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David Steele of Uist Sea Tours has urged islanders to participate in the Highly Protected Marine Areas consultation as the implications are far more wide-reaching than people imagine.

Warning that his business, like many others, will have to fold if the controversial proposals get the go-ahead, Steele said: “The HPMAs are not just against fishermen, they are against a wide variety of things such as green energy, interconnector cables, spaceports, harbour developments and a whole list of other things, all added together to show that those behind the consultation do not understand what they are pushing upon us. No one wants this; it is of no benefit to anyone or any organisation.”

He points out several Marine Protected Areas are already in place, and he is not against conservation nor anyone he knows that works on boats. On the contrary, many who work on the water regularly take note of cetacean sightings and send the data to conservation charities to help them keep track of populations.

Asked the boat operator: “Why wouldn’t we do this? It is great information and hugely helps give scientists an understanding of what’s happening in our oceans.

“And as many of you will be aware, we are seeing more and more cetaceans on a regular basis all year round, and this is all happening while families like mine are fishing and catching the same quantity of shellfish that the generations before us have been catching, all because this is our home and we want to continue living here so we are looking after our seas.”

Meanwhile, Barra and Vatersay councillor Kenneth Maclean has warned the Scottish Government that pushing ahead with their Highly Protected Marine Areas plan risks a final wave of Clearances via virtue signalling.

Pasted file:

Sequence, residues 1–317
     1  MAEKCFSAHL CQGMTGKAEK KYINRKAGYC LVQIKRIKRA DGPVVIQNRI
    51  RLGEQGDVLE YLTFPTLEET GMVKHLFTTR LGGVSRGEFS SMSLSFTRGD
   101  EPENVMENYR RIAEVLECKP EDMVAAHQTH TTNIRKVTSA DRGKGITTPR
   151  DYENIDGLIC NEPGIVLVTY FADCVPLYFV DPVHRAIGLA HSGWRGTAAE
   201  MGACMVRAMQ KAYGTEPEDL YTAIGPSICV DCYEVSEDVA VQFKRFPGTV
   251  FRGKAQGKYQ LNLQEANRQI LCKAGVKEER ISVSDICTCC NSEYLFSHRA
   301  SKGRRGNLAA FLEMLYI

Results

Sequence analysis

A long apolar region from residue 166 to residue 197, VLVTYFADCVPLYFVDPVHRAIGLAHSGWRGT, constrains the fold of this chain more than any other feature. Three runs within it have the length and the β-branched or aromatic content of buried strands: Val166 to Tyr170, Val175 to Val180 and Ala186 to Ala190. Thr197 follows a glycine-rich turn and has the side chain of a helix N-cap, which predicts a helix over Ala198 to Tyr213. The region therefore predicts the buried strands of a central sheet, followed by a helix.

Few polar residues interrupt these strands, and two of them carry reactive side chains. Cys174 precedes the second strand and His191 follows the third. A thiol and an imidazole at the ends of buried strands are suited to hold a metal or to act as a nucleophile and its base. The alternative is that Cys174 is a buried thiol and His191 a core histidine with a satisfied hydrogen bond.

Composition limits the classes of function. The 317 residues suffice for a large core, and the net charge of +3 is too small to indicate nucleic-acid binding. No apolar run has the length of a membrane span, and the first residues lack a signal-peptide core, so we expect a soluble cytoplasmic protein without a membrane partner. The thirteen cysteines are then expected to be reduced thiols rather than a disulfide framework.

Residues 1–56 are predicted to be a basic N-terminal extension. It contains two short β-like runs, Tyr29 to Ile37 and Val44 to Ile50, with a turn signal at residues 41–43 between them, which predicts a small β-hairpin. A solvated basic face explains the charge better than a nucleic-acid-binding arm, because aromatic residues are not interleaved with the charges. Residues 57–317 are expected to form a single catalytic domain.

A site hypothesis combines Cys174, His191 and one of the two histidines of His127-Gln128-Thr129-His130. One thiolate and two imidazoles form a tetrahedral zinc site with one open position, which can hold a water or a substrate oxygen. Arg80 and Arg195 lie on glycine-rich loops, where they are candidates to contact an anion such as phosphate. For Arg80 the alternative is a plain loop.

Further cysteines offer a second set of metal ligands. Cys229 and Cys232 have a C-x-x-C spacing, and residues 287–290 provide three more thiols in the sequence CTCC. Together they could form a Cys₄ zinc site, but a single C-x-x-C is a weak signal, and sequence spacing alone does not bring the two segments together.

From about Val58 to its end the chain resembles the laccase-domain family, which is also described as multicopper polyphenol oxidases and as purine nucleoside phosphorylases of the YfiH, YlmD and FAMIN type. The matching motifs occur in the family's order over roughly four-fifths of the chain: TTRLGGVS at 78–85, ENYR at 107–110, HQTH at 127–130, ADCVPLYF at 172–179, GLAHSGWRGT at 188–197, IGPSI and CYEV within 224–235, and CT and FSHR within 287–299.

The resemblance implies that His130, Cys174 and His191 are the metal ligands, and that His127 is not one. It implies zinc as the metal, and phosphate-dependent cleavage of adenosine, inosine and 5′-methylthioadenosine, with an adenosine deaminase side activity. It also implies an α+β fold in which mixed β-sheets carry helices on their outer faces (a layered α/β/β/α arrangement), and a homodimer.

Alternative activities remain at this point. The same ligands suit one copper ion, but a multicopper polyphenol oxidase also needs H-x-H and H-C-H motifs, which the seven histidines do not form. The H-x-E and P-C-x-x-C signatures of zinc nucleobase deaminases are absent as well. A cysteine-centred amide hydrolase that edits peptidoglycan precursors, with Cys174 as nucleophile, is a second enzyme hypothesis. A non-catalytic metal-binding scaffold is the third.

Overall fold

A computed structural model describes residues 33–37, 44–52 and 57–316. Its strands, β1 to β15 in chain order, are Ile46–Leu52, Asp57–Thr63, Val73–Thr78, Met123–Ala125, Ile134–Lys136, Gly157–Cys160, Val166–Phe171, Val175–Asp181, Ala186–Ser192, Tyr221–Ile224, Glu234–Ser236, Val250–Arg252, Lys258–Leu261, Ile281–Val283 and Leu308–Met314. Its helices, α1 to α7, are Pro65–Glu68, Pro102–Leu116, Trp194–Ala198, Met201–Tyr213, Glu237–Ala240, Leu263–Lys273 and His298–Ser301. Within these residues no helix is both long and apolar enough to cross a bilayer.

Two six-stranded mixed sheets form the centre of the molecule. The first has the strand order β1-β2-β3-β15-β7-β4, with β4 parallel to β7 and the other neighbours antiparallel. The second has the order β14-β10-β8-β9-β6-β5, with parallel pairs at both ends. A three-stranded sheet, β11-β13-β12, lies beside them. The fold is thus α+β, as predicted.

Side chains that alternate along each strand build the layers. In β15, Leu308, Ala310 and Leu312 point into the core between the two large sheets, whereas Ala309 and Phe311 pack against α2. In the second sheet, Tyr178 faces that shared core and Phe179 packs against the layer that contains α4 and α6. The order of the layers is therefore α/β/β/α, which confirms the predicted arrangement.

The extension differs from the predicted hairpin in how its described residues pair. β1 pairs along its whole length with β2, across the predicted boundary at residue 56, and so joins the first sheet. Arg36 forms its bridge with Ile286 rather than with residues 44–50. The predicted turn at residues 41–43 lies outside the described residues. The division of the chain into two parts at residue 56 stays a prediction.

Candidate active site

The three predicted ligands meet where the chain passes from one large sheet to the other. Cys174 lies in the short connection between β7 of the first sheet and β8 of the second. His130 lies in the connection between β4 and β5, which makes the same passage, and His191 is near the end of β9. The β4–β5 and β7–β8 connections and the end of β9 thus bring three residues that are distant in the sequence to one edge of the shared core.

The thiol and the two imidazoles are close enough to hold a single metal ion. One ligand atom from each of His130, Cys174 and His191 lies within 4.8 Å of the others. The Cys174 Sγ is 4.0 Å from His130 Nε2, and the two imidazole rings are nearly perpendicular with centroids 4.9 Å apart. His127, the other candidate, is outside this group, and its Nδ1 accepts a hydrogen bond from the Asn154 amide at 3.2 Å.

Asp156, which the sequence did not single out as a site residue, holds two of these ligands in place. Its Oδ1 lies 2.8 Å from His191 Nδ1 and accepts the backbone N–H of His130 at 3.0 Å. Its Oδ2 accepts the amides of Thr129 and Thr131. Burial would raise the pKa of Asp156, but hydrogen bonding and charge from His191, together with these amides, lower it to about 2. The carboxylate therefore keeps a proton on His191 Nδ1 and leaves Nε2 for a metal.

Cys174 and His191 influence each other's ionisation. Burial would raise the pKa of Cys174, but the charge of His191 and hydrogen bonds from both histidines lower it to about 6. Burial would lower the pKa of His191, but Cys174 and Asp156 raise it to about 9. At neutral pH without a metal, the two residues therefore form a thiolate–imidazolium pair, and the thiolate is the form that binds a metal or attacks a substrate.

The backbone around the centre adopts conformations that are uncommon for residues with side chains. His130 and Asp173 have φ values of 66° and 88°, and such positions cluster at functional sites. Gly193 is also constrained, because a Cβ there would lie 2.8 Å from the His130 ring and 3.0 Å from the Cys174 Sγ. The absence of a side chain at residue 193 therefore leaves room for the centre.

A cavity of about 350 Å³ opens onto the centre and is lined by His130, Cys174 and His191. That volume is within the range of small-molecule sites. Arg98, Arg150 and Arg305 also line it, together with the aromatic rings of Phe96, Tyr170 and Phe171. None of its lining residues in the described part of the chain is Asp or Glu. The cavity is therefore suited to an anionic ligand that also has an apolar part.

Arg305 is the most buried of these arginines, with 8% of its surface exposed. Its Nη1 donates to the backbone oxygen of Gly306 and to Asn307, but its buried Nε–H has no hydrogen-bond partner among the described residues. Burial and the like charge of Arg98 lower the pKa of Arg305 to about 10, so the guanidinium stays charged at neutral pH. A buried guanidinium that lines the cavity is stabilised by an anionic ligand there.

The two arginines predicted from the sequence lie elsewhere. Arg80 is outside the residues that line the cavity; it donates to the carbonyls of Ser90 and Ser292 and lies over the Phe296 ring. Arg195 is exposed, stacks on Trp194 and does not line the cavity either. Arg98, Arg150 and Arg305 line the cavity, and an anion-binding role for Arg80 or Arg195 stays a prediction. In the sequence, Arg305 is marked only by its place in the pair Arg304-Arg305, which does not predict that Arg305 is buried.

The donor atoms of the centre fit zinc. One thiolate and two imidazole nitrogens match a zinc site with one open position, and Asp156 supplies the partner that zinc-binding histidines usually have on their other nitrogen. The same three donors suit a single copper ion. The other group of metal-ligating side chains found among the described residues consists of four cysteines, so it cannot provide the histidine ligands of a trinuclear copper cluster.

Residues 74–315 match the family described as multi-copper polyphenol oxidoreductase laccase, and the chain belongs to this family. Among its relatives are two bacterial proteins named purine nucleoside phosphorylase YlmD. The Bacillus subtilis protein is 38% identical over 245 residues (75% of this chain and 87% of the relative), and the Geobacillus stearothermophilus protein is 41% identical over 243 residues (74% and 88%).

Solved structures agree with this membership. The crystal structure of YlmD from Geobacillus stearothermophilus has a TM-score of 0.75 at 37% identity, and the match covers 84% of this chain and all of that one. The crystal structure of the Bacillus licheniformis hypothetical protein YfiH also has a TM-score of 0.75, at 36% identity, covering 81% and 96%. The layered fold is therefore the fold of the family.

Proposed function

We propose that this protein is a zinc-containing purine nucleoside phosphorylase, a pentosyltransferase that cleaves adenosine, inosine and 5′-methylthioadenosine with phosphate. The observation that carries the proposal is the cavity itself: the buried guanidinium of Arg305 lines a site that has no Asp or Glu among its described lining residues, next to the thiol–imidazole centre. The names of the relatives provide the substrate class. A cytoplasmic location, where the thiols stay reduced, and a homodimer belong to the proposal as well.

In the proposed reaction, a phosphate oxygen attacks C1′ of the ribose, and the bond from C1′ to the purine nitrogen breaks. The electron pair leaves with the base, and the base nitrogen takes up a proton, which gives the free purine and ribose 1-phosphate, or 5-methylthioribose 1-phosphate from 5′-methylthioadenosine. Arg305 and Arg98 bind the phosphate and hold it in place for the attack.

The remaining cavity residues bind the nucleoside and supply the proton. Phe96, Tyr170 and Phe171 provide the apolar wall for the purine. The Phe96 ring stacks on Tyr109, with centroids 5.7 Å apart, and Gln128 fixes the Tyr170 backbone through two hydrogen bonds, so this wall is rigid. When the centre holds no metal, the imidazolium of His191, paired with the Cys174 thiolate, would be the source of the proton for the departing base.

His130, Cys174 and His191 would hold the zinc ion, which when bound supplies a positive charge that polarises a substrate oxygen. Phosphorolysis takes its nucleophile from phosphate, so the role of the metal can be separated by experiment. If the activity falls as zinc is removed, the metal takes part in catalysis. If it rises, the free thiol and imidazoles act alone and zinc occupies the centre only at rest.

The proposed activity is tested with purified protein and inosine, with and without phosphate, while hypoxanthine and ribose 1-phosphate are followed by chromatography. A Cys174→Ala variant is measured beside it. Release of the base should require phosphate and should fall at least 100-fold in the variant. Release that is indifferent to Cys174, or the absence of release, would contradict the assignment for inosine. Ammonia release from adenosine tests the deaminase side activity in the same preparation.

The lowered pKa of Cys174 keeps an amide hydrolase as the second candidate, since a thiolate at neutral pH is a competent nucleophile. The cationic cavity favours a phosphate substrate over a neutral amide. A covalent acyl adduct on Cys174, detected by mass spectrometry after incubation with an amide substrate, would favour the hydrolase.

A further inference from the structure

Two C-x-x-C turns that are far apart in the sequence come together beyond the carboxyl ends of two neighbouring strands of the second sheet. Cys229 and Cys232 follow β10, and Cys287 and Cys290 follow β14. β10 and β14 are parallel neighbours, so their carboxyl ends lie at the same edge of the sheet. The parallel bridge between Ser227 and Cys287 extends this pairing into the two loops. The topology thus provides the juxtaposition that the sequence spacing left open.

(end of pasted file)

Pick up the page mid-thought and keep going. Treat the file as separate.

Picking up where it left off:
In an open letter , the councillor said the HPMA plan, if implemented, would finish what the Duke of Sutherland and the absentee landlords began.

He told MSPs: “This seems to be another example of decisions being made by politicians in the Central Belt with no regard to how it will affect the communities further afield. The island bond scheme, ferries, NHS and now this. While I’m sure that this is well-meaning, it has not been thought of in a larger policy context.”

An “apocalyptically angry” Mr Maclean said the designation proposals would not merely harm, damage or decimate island communities. They would destroy them.

“Fishing and the sea have been part of our culture from time immemorial. It is not simply part of our economy or a tradition but an intrinsic part of our culture and who we are. It can be found in the archaeological record; it’s part of our stories and songs,” Mr Maclean wrote.

Island communities had frequently heard from politicians of all parties about how they wanted to protect their culture and language and rectify historical wrongs. But how was that to be achieved when the places where the culture and language are the strongest are being attacked, he pondered.

“How is it to survive if people cannot live on these islands?” he continued. “For a culture and language to survive, it needs its people and communities whole, not another set of cleared islands and abandoned communities.”